In this brilliant tale of violent sexuality, set forth in stark, hypnotic prose, Denis Belloc presents a straightforward narrative of the homosexual underworld in 1960s Paris. As a young child, Denis (autobiographical parallels are intentional) witnesses his father’s death in a sideshow boxing match and is left with nothing but faded photographs. Numbed by his mother’s neglect and her new husband’s abusive treatment, he turns to Paris’s teeming street life and to the sordid corners of the city’s “tearooms” (public restrooms). He is absorbed quickly into a world of physical and emotional prostitution, and finds temporary stability only with a few lovers and friends. Belloc’s detached style is devoid of self-pity, and creates a savage, involving tension. Blasphemous, unrelenting, uninhibited, this novel will leave no one indifferent.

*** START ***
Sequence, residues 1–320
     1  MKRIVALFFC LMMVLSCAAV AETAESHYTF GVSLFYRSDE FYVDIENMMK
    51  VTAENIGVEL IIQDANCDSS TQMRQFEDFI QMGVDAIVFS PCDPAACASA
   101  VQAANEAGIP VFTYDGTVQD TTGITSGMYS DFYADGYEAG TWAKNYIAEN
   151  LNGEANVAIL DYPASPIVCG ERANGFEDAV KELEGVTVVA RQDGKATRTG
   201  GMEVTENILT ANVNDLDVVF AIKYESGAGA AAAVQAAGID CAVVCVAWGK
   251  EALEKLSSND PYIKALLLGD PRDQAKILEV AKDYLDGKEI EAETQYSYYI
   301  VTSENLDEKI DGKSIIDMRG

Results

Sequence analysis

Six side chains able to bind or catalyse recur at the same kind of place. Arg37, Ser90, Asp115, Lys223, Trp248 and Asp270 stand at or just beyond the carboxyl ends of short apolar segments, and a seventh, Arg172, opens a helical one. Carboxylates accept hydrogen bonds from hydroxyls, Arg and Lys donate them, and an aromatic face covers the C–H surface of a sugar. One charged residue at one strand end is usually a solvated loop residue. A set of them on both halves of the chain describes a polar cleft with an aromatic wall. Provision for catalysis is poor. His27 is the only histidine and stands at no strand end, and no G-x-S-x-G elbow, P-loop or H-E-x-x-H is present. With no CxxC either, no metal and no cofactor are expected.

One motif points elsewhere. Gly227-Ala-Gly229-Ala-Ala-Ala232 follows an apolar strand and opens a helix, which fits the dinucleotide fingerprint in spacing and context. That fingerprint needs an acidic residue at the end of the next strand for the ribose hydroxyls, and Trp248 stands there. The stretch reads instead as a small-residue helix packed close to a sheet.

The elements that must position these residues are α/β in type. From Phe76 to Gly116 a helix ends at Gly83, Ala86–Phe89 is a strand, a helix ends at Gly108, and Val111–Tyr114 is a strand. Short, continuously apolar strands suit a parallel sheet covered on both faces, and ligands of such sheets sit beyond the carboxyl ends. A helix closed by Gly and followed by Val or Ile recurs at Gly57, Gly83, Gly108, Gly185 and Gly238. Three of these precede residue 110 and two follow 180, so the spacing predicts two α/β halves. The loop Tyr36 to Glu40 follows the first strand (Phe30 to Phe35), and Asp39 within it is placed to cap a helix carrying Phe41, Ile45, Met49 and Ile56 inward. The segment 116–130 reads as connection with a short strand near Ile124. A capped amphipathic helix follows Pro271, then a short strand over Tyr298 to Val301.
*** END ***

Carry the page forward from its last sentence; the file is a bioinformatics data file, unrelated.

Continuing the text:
Praise for Neons
There’s much brilliance in Neons. Belloc’s story of homosexual underlife in Paris may be ages old, but he has sculpted it into a sequence of amazing musical fragments whose cacophonous honesty is perfectly matched to a prose both offhanded and capable of unnerving emotional feats.
This explosive and magnificent book speaks the truth, always.